The following exchange at the Committee hearing underlines the point:

CHAIR: Would it be correct to say that Australia is the only developed or OECD country that’s seeking an exemption to allow us to continue to import HPMV lighting?

Ms Douglass: To my knowledge, yes.

CHAIR: It seems like rather odd company to be keeping, with those countries you mentioned.

May I please inquire, what is the expected or approximate timeframe now for Australia’s formal ratification of the Minamata Convention?

Further, could you please confirm whether Australia will – uniquely for an OECD country – seek an exemption to the Convention, or whether it will now seek to ratify without exemption?

Yours sincerely,

Michael Cornish

29 / 9 / 2021

Cc: Mr David Sharma MP, Chair, Joint Standing Committee on Treaties

Cc: Secretariat of the Minamata Convention on Mercury, United Nations Environment Programme

[1] p.v, Report 197, Joint Standing Committee on Treaties, August 2021; tabled 1 September 2021

Update 7: Australian ratification of the Minamata Convention on Mercury

The Joint Standing Committee on Treaties released their report today:

Relevant recommendations from the report reproduced below:

Recommendation 2
3.122 The Committee supports the Minamata Convention on Mercury and
recommends that binding treaty action be taken.

Recommendation 3
3.123 The Committee recommends the Government reassess the need to seek an
exemption to allow for the continued importation of High Pressure Mercury
Vapour (HPMV) lamps into Australia, considering such an exemption to be
reputationally damaging and of limited practical benefit.

Update 6: Australian ratification of the Minamata Convention on Mercury

The transcript of the hearing of the Joint Committee Inquiry into the Convention’s ratification became available within the last few days, see: https://www.aph.gov.au/Parliamentary_Business/Committees/Joint/Treaties/MinamataConvention/Public_Hearings.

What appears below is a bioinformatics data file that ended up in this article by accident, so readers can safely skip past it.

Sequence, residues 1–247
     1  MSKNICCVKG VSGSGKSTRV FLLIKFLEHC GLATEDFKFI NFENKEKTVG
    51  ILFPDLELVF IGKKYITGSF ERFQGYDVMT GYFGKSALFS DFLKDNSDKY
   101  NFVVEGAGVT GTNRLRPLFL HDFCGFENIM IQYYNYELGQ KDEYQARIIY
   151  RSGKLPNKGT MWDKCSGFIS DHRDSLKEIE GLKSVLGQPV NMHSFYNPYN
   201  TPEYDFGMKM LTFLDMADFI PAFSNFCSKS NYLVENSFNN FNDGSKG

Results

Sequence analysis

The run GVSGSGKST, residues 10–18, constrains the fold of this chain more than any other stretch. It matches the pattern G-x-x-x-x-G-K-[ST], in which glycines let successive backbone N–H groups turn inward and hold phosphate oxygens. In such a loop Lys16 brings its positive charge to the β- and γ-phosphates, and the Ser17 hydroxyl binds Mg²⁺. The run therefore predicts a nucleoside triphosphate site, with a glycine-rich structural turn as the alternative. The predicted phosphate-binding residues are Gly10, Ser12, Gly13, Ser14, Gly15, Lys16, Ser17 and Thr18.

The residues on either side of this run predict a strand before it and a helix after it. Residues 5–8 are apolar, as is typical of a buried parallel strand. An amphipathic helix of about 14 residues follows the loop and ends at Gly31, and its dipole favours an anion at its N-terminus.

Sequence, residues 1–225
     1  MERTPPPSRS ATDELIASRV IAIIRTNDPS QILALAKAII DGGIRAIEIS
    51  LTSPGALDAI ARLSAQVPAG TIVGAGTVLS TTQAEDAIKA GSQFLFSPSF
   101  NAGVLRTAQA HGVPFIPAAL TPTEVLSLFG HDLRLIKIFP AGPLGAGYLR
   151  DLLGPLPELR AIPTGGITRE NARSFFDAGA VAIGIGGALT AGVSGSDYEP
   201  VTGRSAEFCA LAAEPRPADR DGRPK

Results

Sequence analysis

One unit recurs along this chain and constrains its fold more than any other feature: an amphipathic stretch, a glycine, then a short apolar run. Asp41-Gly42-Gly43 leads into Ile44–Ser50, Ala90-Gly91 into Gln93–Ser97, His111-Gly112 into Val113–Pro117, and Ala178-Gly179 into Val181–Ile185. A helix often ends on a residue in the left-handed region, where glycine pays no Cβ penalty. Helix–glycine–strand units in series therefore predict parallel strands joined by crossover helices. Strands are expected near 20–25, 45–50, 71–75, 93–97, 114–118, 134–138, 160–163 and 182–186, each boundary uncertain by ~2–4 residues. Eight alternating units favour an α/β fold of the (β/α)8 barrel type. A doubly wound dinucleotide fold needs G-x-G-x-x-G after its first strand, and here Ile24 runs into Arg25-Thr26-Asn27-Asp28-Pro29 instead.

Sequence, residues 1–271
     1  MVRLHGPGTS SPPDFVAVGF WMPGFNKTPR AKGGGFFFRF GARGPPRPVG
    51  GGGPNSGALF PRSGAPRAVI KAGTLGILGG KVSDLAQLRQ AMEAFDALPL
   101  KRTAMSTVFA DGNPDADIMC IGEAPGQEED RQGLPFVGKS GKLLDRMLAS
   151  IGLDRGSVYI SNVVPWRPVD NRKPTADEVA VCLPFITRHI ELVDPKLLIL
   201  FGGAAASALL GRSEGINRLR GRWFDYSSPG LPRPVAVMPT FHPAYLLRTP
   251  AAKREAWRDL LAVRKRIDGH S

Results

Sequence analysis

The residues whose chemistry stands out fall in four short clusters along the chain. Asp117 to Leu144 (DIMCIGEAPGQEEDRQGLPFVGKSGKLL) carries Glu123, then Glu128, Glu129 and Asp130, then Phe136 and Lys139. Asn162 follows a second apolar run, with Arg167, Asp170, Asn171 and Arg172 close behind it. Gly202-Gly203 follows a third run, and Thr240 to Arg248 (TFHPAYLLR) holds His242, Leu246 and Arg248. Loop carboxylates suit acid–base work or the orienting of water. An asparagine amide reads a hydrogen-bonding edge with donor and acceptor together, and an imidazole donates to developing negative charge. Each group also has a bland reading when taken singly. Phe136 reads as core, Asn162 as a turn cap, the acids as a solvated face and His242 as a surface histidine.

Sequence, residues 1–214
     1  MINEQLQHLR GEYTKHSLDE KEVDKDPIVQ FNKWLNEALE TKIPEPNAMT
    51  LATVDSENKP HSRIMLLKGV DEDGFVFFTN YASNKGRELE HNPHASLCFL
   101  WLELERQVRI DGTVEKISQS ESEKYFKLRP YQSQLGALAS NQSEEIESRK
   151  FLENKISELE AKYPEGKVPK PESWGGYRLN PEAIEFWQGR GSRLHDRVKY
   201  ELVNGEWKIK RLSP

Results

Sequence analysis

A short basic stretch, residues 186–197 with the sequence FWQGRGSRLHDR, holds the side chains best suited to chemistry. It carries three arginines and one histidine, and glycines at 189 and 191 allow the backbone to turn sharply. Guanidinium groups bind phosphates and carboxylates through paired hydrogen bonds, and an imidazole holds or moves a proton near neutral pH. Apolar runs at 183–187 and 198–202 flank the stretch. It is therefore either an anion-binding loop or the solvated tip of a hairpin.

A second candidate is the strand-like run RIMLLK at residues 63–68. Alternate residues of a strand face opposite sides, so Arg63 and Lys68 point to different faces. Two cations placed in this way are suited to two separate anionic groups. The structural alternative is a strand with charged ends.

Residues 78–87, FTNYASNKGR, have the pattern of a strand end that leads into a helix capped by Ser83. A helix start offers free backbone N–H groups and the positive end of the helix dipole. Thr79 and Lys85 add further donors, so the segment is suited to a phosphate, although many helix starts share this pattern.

Mr Dave Sharma MP
Joint Standing Committee on Treaties
Parliament House
Canberra ACT 2600
e: [email protected]; [email protected]


Dear Mr Sharma

Re: Inquiry into the Minamata Convention on Mercury, vapour lamps exemption

I write to you as a submitter to the Inquiry into the Minamata Convention on Mercury. For additional context, I was a former Senior Adviser to the Federal Member for Mayo, Ms Rebekha Sharkie MP, with carriage at the adviser level for Centre Alliance’s environment portfolio (amongst other portfolios).

I read the transcript of the inquiry hearing of 9 August 2021 with great interest. I wholeheartedly agree with your analysis and concern for the exemption to the Convention being sought by Australia until December 2023, namely, an exemption to import restrictions for high-pressure mercury vapour lamps for general lighting purposes.

This concern would no doubt be shared by the environmental NGOs who made submissions to the Committee.

I too see no good need to delay the inevitable transition away from mercury vapour lights that is, according to the account provided in the hearing, already complete or underway in all Australian State and Territory jurisdictions.

Additionally, as you and fellow Committee Members collectively noted in the hearing:

  • The exemption would deny Australia “a benefit of $17.3 million from energy savings and around $4.4 million from carbon savings”, i.e. an estimated opportunity cost to Australia of $21.7 million;
  • Australia would be the only OECD country to seek an exemption to the treaty, alongside small group of countries – China, India, Thailand, and a cluster of sub-Saharan African countries;
  • Australia is already an international laggard in its ratification of the treaty, with (“approximately”) 120 of 128 original signatories having already ratified;
  • Seeking an unnecessary exemption may undermine Australia’s negotiating position in the future direction of the Convention, a key interest that was identified in most industry submissions to the Inquiry; and